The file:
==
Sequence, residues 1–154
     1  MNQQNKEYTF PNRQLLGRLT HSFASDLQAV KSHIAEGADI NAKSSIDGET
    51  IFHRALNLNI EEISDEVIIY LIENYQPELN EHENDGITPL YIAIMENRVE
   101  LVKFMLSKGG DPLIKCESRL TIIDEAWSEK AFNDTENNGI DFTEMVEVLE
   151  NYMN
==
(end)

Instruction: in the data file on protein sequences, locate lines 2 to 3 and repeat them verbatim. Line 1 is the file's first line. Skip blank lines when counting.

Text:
     1  MNQQNKEYTF PNRQLLGRLT HSFASDLQAV KSHIAEGADI NAKSSIDGET
    51  IFHRALNLNI EEISDEVIIY LIENYQPELN EHENDGITPL YIAIMENRVE